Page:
Monday, March 19, 2007

Filling up with a Hearty Peasant Soup

The first (and last) time we tried broccoli rabe, we found it a bit flavorless and too bitter for our tastes - however, we decided to give it another go after learning that blanching it before you use it in a recipe helps to mellow the bitterness and pull out its earthy flavor. So in an effort to give broccoli rabe another chance, we decided to give this recipe, Hearty Peasant Soup, a go for dinner tonight!

When you go to prepare the broccoli rabe, cut about 1/4" off the bottom thick stems as they can be pretty tough. Once chopped and well washed, dunk the vegetable in boiling salted water for just a minute or two - quickly drain them in a colander and then plunk them in ice cold water to finish the blanching process. The base for the soup begins by sautéing onions and garlic until they become tender; then thick tomato paste with a couple splashes of balsamic vinegar is added and allowed to cook down for a couple minutes. Vegetable broth, water, chunky fire-roasted tomatoes, chickpeas and the blanched broccoli rabe are stirred in and this mixture simmers until the the greens are tender. Be sure to check for seasonings before you serve it - stir in salt and fresh ground pepper if needed and you could even add a dash or two more of balsamic to give it more bite if you like.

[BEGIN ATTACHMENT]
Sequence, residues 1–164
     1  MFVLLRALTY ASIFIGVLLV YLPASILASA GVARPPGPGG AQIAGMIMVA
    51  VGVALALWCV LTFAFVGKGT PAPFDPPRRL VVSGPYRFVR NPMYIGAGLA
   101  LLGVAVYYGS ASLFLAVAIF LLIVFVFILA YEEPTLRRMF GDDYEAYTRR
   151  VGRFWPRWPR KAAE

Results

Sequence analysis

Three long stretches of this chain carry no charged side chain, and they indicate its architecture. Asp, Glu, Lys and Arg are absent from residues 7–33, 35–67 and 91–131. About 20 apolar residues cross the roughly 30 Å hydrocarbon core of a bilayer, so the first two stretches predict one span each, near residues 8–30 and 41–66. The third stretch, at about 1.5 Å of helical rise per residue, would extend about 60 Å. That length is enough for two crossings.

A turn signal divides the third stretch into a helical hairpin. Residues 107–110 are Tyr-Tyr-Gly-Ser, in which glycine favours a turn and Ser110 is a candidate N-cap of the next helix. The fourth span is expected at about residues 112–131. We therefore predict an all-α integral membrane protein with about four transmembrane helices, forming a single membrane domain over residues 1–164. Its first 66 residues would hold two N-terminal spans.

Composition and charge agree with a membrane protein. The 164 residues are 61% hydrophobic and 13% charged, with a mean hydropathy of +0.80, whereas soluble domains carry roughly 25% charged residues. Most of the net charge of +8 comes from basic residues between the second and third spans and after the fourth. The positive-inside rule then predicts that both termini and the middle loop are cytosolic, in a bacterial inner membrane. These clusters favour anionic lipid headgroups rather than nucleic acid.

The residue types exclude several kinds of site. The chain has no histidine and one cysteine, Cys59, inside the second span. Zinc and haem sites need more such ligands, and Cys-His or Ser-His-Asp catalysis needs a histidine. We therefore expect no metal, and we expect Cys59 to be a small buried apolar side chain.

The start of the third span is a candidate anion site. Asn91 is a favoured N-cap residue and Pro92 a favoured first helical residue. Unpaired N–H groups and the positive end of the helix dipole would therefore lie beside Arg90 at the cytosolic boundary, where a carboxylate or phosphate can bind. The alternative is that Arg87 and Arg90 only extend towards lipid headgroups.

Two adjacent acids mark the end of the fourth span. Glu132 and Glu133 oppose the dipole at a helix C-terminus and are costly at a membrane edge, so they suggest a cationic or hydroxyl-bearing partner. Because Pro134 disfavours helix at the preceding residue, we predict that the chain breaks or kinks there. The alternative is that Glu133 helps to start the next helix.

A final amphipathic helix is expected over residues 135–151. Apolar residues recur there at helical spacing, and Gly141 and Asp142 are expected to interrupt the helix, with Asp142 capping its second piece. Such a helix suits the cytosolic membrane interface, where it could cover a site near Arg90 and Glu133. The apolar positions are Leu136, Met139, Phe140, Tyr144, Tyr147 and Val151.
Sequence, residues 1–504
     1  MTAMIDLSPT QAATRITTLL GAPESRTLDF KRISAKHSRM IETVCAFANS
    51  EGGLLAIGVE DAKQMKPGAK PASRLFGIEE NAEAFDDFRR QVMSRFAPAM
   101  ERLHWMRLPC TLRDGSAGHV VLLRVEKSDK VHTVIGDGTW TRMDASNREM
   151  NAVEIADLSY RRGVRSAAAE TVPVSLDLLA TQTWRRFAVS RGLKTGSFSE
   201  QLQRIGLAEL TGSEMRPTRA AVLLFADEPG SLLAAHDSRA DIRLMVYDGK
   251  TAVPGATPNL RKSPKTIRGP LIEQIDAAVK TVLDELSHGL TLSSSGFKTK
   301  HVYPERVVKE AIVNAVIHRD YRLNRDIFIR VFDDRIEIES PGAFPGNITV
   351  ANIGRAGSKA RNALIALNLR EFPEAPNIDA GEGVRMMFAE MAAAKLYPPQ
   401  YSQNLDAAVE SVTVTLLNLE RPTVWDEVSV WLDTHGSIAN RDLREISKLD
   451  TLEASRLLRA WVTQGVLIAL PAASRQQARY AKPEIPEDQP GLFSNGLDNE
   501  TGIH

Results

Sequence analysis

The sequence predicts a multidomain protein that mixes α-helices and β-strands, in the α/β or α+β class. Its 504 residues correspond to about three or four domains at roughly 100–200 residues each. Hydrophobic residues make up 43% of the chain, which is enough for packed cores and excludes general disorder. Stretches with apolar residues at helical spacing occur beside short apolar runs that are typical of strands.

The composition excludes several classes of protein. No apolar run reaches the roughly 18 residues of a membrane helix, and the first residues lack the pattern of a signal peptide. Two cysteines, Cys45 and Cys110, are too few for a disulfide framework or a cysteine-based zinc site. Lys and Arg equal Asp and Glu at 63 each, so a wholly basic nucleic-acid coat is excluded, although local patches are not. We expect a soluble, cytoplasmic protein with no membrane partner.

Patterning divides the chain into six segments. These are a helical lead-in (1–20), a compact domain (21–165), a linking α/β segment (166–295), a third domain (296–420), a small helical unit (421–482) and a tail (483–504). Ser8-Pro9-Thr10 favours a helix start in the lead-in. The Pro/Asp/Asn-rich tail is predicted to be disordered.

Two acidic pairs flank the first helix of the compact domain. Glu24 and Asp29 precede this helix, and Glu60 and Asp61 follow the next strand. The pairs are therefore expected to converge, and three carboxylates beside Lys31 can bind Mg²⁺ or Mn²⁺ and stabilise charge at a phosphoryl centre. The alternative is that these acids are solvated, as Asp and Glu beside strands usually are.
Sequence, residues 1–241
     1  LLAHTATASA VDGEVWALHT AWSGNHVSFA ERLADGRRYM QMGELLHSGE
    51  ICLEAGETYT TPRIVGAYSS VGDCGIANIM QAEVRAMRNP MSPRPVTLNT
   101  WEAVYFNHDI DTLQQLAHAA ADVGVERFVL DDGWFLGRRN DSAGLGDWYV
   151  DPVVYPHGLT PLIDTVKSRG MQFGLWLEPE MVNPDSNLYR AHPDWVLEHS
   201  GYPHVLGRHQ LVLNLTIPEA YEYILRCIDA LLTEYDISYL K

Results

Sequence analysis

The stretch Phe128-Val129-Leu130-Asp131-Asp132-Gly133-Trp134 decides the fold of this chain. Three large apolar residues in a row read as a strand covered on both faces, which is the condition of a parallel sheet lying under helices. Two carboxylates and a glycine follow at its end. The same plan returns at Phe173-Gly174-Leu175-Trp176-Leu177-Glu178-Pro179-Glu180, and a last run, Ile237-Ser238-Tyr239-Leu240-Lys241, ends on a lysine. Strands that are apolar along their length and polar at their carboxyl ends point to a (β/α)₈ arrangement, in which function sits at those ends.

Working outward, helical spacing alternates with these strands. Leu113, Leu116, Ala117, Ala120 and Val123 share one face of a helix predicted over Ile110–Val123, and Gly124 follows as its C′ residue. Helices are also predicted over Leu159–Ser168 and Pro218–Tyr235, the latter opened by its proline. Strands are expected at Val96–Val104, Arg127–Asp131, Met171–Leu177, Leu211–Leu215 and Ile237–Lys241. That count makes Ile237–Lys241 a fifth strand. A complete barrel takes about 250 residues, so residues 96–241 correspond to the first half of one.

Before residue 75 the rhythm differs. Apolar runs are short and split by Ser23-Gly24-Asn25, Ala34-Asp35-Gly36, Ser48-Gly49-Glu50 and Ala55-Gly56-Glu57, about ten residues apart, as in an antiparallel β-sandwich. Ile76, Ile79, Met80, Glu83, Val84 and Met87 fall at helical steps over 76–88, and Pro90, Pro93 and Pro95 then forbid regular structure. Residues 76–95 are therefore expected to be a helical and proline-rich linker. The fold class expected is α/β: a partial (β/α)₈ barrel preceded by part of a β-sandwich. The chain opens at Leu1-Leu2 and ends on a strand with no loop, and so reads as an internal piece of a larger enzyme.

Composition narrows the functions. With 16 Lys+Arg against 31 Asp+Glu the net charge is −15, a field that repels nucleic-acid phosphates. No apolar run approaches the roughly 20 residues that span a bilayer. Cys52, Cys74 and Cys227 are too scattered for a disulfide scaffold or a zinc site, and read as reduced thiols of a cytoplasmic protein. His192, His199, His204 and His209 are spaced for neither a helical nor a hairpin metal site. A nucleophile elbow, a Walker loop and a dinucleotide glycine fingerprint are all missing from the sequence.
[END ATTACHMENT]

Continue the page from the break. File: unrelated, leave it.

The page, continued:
The tomato paste gives this soup gusto with a good mouth feel - the paste freezes well, so I throw blobs (about 1 tablespoons worth) on a baking sheet and freeze them. When firm, I pluck them off and store them in a zip-loc bag until needed - this way you don't have to worry about the opened can in the refrigerator going moldy. You could also splurge and buy the paste in a tube for easy storage! If you don't care for garbanzo beans, you could use the same amount of cannellini beans instead. For a hearty finish, we served thick toasted slices of a rustic bread inside the bowl to truly make this an extremely filling and delicious meal.


  1. Dude, broccoli rabe is supposed to be bitter. Admittedly, Americans don't really have a developed taste for bitter. But try broccoli rabe more often. It's one of the classiest brassicas around. Blanche in salted, boiling water until just barely done, then toss in olive oil infused with garlic. Dress with salt, pepper and lemon. Nothing better next to a grilled swordfish or roasted chicken...

  2. Ed - It was just too bitter for us, without blanching first, to be enjoyable. But we are trying to like it!

  3. Laurie Colwin, the author and food essayist, wrote in high praise of broccoli rabe. The American palate is not fully appreciative of bitter greens, as most of us have not been raised on them. They are an acquired taste, but worthy of pursuit.

  4. I love broccoli raab, and am glad you gave it another shot. It is really the perfect addition to a plethora of soups,not to mention pasta dishes!

    This soup looks awesome, just my taste!